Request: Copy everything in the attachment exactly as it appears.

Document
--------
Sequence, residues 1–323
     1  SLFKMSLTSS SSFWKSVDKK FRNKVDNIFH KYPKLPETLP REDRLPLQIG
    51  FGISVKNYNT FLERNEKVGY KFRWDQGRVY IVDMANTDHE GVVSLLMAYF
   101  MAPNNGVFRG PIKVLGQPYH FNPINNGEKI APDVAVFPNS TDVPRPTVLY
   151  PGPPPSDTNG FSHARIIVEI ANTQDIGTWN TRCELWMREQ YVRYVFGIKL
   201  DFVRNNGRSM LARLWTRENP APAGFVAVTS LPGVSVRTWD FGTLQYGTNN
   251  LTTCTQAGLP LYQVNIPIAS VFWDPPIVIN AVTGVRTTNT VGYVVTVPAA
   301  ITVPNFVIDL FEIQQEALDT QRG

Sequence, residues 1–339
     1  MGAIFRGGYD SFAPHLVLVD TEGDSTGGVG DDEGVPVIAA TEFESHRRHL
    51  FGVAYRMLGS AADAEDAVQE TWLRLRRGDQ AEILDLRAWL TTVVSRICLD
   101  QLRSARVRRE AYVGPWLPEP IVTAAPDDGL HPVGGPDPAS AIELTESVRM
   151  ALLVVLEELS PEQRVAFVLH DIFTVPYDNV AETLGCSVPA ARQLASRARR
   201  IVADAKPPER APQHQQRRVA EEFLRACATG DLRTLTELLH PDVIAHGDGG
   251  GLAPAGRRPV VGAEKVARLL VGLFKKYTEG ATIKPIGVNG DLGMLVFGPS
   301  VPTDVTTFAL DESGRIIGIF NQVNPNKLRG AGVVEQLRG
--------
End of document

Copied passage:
Sequence, residues 1–323
     1  SLFKMSLTSS SSFWKSVDKK FRNKVDNIFH KYPKLPETLP REDRLPLQIG
    51  FGISVKNYNT FLERNEKVGY KFRWDQGRVY IVDMANTDHE GVVSLLMAYF
   101  MAPNNGVFRG PIKVLGQPYH FNPINNGEKI APDVAVFPNS TDVPRPTVLY
   151  PGPPPSDTNG FSHARIIVEI ANTQDIGTWN TRCELWMREQ YVRYVFGIKL
   201  DFVRNNGRSM LARLWTRENP APAGFVAVTS LPGVSVRTWD FGTLQYGTNN
   251  LTTCTQAGLP LYQVNIPIAS VFWDPPIVIN AVTGVRTTNT VGYVVTVPAA
   301  ITVPNFVIDL FEIQQEALDT QRG

Sequence, residues 1–339
     1  MGAIFRGGYD SFAPHLVLVD TEGDSTGGVG DDEGVPVIAA TEFESHRRHL
    51  FGVAYRMLGS AADAEDAVQE TWLRLRRGDQ AEILDLRAWL TTVVSRICLD
   101  QLRSARVRRE AYVGPWLPEP IVTAAPDDGL HPVGGPDPAS AIELTESVRM
   151  ALLVVLEELS PEQRVAFVLH DIFTVPYDNV AETLGCSVPA ARQLASRARR
   201  IVADAKPPER APQHQQRRVA EEFLRACATG DLRTLTELLH PDVIAHGDGG
   251  GLAPAGRRPV VGAEKVARLL VGLFKKYTEG ATIKPIGVNG DLGMLVFGPS
   301  VPTDVTTFAL DESGRIIGIF NQVNPNKLRG AGVVEQLRG